Yesterday saw many headlines in the story of Brexit, with a “significant step” in finalising a transition agreement announced (for example see here on the Sky new web site, here for the statement from the UK Department for Exiting the EU and here for the announcement from the European Commission). A new version of the draft transition agreement was published here, with the areas that are agreed in green. Other areas are still to be agreed. This follows a previous draft published unilaterally by the Commission and other statements (see here). Some are of the view that since there is no final agreement yet, a “cliff edge” scenario has merely been postponed, as discussed in this article on the Bloomberg web site.
The draft agreement talks of the “application of Union” law in the UK during the time of the transition, which would end on 31st December 2020. Despite this, it leaves many areas in which clarity is sought, including, for the energy and commodity trading sectors, issues such as the status of financial instruments and trading venues. Similarly, on the energy side, there is less on the future of the Internal Energy Market. However explicit mention is made of the Irish Single Electricity Market, on page 111, marked in yellow, which means that principles are agreed, with drafting still to take place. Such principles appear to include the market as a whole being run under EU law for the transition period.
The issue of the future financial services arrangements is still very much under discussion, with this speech made by UK chancellor Phillip Hammond 2 weeks ago, stating that a bespoke agreement on the topic is very possible. Guy Verhofstadt of the European Parliament has also made comments to this effect, as reported here on the Politico web site. In it he discusses the different arrangements that non EU countries have made, for example with Israel. Not all think that the UK will receive a good deal: as for example argued in this article by Morten Kinander of Oxford University. According to this article on the Reuters web site, the EU financial sector is preparing for a number of “hard” and “soft” scenarios.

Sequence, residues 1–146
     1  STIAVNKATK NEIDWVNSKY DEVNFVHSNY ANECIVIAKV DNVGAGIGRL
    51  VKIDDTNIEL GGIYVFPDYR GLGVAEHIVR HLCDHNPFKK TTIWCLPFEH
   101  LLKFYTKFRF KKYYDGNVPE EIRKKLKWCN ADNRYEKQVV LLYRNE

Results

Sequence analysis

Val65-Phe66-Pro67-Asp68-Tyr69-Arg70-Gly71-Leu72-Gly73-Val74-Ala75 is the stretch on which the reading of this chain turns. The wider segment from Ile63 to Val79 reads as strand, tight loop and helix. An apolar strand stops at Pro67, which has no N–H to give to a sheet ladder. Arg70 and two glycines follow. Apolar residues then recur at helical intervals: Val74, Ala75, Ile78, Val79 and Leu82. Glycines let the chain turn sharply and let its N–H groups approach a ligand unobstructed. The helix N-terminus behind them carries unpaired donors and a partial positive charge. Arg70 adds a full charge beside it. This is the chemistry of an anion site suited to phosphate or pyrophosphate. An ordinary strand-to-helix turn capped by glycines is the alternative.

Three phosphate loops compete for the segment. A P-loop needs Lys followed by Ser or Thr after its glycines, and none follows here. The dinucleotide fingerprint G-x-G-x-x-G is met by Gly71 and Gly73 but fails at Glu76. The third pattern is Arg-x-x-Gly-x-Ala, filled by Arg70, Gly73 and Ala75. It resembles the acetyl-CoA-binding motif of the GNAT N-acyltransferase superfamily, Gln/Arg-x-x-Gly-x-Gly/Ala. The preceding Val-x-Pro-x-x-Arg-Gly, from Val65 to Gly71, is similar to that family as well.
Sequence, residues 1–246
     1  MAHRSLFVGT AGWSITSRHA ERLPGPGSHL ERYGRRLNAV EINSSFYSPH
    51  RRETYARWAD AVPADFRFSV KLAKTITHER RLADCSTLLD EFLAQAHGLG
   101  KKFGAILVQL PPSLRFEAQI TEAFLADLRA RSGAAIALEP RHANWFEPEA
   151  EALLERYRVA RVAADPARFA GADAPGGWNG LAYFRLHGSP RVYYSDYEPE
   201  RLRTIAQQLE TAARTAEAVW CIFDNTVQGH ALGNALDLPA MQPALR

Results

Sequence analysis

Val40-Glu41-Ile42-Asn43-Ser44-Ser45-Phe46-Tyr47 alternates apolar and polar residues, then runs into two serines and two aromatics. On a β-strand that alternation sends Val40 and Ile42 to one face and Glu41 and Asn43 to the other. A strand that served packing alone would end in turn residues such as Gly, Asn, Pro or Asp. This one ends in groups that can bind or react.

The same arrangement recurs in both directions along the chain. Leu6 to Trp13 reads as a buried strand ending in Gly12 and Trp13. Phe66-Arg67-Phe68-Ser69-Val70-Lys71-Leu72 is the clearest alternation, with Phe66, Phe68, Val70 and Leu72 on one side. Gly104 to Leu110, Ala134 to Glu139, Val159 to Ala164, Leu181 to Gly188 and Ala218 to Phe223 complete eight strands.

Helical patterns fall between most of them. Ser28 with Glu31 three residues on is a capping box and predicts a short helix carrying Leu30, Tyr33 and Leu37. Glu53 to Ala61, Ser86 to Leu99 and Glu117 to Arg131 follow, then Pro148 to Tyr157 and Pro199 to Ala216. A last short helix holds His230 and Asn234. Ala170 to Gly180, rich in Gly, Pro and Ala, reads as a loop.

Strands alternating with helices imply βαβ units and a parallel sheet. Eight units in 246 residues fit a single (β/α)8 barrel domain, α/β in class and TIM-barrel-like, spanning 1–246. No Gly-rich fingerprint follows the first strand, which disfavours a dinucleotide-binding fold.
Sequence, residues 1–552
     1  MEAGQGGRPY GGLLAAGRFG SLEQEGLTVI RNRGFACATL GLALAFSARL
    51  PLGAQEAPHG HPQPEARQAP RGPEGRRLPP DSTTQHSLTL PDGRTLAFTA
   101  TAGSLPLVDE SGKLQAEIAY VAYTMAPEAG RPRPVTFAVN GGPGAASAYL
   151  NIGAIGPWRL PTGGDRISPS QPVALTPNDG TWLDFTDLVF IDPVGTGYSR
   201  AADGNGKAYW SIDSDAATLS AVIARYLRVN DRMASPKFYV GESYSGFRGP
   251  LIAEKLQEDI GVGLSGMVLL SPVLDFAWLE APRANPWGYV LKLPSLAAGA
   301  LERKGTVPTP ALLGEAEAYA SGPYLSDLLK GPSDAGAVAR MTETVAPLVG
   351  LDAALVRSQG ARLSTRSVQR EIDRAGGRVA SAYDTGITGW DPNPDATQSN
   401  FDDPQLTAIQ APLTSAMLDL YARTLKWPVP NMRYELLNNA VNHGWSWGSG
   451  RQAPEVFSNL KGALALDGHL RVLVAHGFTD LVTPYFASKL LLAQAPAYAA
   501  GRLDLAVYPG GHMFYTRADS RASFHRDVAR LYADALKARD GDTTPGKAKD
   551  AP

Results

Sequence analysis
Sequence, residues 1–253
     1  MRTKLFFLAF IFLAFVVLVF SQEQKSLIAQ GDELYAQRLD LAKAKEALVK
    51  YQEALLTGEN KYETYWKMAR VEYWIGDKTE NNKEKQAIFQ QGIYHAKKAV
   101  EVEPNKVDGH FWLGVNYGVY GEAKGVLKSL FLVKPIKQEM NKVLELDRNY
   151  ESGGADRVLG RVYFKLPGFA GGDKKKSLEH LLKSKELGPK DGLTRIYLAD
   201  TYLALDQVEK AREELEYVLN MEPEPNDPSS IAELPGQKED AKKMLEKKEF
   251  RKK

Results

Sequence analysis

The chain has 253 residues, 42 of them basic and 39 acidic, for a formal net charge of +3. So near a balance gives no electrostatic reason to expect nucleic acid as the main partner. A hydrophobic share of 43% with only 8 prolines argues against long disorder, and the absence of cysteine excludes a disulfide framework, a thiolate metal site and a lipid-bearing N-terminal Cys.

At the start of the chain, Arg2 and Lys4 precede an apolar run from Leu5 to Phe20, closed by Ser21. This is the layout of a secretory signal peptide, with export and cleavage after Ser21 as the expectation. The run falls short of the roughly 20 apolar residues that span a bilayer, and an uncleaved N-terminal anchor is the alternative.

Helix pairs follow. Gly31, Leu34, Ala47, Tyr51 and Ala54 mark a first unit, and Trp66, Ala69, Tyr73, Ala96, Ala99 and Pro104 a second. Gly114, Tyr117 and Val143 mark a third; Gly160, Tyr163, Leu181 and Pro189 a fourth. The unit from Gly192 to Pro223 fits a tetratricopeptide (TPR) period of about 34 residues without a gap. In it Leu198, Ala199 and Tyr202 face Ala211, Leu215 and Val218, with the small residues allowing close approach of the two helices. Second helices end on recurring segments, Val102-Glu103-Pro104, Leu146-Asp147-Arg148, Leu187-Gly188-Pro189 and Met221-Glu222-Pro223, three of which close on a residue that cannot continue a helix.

The question of equivalence of UK markets in future is being widely discussed. This article on the Reuters web site reports on comment made by France’s AMF that the equivalence rules need to be “toughened” in advance of Brexit “to ensure stability”. However, on the UK side, there is concern at the unilateral nature around the process of granting and keeping equivalence. The CFTC has recently expressed disagreement with this process, including in this speech by Brian Quintenz of the CFTC at the recent FIA conference.
Work to do, and a paper
No matter what the transition deal looks like, and indeed what the final outcome looks like, affected firms are advised to start preparing now for Brexit, as each scenario involves some change, no matter how “soft” the Brexit. With just over a year to go, now is the time to understand the implications of each route.
ETR Advisory is preparing a paper on the different scenarios, which will be made available to “Regulatory support” clients (see here). Those who wish to learn more about this service can contact ETR Advisory at email@example.com.